Efrain Diaz Figueroa walks by his sister's house in San Juan, which was destroyed by Hurricane Maria. (Ramon Espinosa/Associated Press)

The House is set to vote Thursday on a $36.5 billion disaster aid package that includes provisions to avert a potential cash crisis in Puerto Rico prompted by Hurricane Maria.

Puerto Rico Gov. Ricardo Rosselló warned congressional leaders over the weekend that the U.S. territory he leads is “on the brink of a massive liquidity crisis that will intensify in the immediate future.” Hurricane damage has inhibited the island’s ability to collect local taxes, and the government there is unable to borrow in the credit markets because of its already unmanageable debt load.

Draft legislation released late Tuesday allows up to $4.9 billion in direct loans to local governments in a bid to ease Puerto Rico’s crunch. Without intervention, the territory may not be able to make its payroll or pay vendors by the end of the month.

The money would be drawn from a larger pool of $18.7 billion that would be appropriated for the Federal Emergency Management Agency’s Disaster Relief Fund — the agency’s main mechanism for addressing the aftermath of not only Hurricane Maria but also hurricanes Harvey and Irma, which caused billions of dollars worth of damage in Louisiana, Florida and Texas.

Rep. Luis V. Gutiérrez (D-Ill.) criticized the Trump administration's response to the unfolding tragedy in Puerto Rico on Oct. 5. (Reuters)

Jenniffer González-Colón (R), Puerto Rico’s nonvoting member of the House, called on her colleagues Wednesday to quickly deliver the aid.

“It’s not easy when you’re used to living an American way of life, and then somebody tells you that you’re going to be without power for six or eight months,” she said. “It’s not easy when you . . . see the suffering of the people without food, without water, and actually living in a humanitarian crisis. We never expected that to happen to us.”

The bill also would forgive $16 billion in debt owed by the National Flood Insurance Program to the U.S. Treasury, giving that program the ability to pay claims to hurricane victims without interruption in the coming months. The bill does not include a suite of controversial reforms to the program that the White House had requested alongside the debt relief.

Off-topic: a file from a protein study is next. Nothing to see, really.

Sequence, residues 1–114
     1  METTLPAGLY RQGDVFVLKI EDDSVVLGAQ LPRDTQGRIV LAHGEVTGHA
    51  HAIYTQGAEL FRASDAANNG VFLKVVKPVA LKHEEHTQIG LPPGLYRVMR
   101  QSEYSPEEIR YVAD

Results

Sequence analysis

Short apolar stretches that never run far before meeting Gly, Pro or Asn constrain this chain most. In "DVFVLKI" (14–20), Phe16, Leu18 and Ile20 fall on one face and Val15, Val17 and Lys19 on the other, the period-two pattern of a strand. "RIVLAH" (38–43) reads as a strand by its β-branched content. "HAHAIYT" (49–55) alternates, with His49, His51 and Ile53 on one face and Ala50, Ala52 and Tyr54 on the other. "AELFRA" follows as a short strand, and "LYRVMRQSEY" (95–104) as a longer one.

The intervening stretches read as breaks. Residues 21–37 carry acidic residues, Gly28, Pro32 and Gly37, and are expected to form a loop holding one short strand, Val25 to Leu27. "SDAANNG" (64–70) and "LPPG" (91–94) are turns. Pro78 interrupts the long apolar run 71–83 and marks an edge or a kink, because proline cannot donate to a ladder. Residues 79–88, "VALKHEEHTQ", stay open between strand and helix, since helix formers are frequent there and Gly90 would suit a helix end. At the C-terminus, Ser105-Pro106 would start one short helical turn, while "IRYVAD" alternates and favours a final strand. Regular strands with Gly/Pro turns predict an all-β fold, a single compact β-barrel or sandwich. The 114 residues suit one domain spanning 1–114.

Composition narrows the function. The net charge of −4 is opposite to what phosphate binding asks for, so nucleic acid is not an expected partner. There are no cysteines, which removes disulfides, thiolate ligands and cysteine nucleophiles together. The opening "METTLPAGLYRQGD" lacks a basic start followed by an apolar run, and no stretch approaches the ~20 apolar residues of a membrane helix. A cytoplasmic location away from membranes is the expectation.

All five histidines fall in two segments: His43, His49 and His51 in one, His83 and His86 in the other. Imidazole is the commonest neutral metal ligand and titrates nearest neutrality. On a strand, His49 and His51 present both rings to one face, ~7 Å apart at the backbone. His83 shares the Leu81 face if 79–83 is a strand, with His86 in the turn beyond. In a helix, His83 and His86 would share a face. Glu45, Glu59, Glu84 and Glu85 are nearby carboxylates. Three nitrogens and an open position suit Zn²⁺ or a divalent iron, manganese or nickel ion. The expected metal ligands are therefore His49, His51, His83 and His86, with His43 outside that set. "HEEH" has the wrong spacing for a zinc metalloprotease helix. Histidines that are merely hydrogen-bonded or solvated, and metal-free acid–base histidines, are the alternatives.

An additional $576.5 million is appropriated in the draft bill for wildfire management efforts in response to a surge in major fires across the American West.

Together, the request goes beyond the $29 billion request initially made by the White House last week. Congress previously provided $15.2 billion in disaster aid in September, and leaders on Capitol Hill have indicated that more will be on the way after the bill passes.

“These funds are vital right now, in the near term, to get the aid where it is needed most,” House Appropriations Committee Chairman Rodney Frelinghuysen (R-N.J.) said in a statement.

Lake Caonillas, in the mountains of Puerto Rico, was hit hard by Hurricane Maria. For days friends and family were unable to reach each other because roads were impassable and there was no cell service. They found comfort in each other, and their faith. (Zoeann Murphy,Arelis Hernandez/The Washington Post)

The bill is expected to pass Thursday through fast-track procedures that require a two-thirds majority.

Democrats and most Republicans indicated they would support the bill, but a handful of GOP conservatives said they were frustrated that the bill did not include the flood insurance reforms or spending offsets that would mitigate the impact of the new spending on the federal budget deficit.

“You tell me how that makes sense with a $20 trillion debt,” said Rep. Jim Jordan (R-Ohio), who said he plans to vote against the bill.

But, as with the earlier installment of disaster funding, any gripes were subdued by pleas from lawmakers — many of them conservative Republicans — representing the affected regions.

“You’ve got to be careful not to turn this into a Christmas tree,” said Rep. Blake Farenthold (R-Tex.), whose district saw wind and flood damage from Harvey. “But I think the American people demand that Congress have a big heart and keep their promises to the people who were struck by a disaster.”

The Senate is on recess this week and is expected to take up any House-passed legislation once it returns next week.